Amnesty International is concerned that such a time limit may prove insufficient. It may also make witnesses more hesitant to come forward as they may have doubts about the process being able to reach its final conclusion. At the same time, the organization recognises that an overly extended period of operation risks losing the public’s attention and political momentum.

To some extent, the problem of length of time can be addressed by frequent public reporting and interim conclusions and recommendations. Considering the length and complexity of its investigation, Amnesty International recommends that the Melo Commission publishes regular and frequent interim reports outlining progress made and obstacles encountered. This would help establish and maintain effective communication with the Philippine authorities, civil society organizations and the general public.

B. Powers

i. Broad investigatory powers

Where the Melo Commission considers the police or other investigative agency to have made an inconclusive or otherwise unsatisfactory investigation, it should undertake a prompt, thorough, effective and impartial investigation and not be hampered or otherwise inhibited by following the conclusions of a previous investigation. Investigations should not simply constitute an examination of an existing police investigations file.

Amnesty International believes the credibility of its investigations will be significantly enhanced to the extent that the Commission can rely, where necessary, on its own investigators. Many independent commissions undermine themselves and lose credibility by asking the alleged violators of human rights – such as the armed forces or the police – to investigate allegations of violations of human rights themselves, rather than the independent commission making an investigation itself. Investigators retained by the Melo Commission, should, as necessary, have access to effective and practical training – especially the sharing of skills and best practice from colleagues in the Philippines and abroad. Frequently investigations undertaken with good will fail because of a lack of training in effective investigative procedures and skills. Investigations conducted by Commission investigators should be informed by knowledge of international human rights law so that they can identify and understand legal issues regarding their investigation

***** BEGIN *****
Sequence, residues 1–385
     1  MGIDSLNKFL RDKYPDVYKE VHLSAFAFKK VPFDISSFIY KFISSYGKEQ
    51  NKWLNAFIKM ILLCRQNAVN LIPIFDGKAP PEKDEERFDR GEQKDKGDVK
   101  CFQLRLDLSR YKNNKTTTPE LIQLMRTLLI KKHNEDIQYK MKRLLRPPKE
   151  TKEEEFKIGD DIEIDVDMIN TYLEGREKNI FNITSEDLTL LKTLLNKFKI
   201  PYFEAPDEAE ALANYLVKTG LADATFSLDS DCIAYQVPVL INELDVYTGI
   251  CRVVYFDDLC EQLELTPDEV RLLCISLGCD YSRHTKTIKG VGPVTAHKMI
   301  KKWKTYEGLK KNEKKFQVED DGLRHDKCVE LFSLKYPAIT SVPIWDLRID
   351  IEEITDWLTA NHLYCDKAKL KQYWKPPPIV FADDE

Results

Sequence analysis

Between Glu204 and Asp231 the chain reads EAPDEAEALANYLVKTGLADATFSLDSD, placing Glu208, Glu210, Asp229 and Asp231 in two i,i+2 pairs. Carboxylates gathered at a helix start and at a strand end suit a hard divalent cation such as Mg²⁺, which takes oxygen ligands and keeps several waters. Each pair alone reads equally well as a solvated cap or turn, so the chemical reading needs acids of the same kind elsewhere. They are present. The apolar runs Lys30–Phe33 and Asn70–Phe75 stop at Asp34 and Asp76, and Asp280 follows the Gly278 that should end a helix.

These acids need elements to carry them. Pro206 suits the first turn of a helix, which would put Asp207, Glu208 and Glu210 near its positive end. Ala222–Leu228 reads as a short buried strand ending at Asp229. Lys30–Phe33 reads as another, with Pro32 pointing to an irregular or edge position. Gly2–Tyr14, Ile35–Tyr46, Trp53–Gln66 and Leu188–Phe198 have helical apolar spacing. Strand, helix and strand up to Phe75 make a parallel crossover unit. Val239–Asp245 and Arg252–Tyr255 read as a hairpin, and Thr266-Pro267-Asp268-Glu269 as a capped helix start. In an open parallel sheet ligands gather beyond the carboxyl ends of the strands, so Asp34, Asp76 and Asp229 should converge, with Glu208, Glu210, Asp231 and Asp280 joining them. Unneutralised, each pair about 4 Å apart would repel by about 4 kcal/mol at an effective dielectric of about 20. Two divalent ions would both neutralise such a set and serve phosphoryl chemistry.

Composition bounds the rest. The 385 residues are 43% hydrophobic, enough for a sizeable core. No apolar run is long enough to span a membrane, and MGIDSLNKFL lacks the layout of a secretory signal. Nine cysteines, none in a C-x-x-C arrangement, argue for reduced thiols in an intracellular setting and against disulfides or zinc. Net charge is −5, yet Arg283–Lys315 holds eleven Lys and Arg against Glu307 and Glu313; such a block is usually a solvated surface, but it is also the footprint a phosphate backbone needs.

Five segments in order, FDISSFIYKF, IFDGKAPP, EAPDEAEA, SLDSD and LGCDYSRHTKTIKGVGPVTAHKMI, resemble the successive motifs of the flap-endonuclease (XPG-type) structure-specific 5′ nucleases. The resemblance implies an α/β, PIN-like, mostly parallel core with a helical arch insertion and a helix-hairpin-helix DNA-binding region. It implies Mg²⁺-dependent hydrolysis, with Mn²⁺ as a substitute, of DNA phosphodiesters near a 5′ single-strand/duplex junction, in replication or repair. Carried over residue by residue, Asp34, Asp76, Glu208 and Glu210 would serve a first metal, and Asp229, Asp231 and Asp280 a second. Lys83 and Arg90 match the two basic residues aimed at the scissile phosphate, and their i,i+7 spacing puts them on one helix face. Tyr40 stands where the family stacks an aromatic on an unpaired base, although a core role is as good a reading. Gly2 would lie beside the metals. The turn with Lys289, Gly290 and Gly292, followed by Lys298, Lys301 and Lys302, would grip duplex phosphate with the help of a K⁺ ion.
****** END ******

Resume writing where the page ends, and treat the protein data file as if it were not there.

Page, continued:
The Melo Commission should be able to count on the services of experts in the relevant fields including psychology, pathology, forensic anthropology, and ballistics. In particular, forensic expertise should be on hand at short notice so that effective investigation and recording of post mortem investigations can be done efficiently, increasing the likelihood of bringing perpetrators to justice. The methodology to be employed in autopsies should conform to the United Nations Principles relating to the effective prevention and investigation of extralegal, arbitrary or summary executions.(3) Where the investigation is dealing with unlawful killing, the Commission should have the authority to prevent burial or other disposal of the body or bodies until and adequate post-mortem examination has been carried out.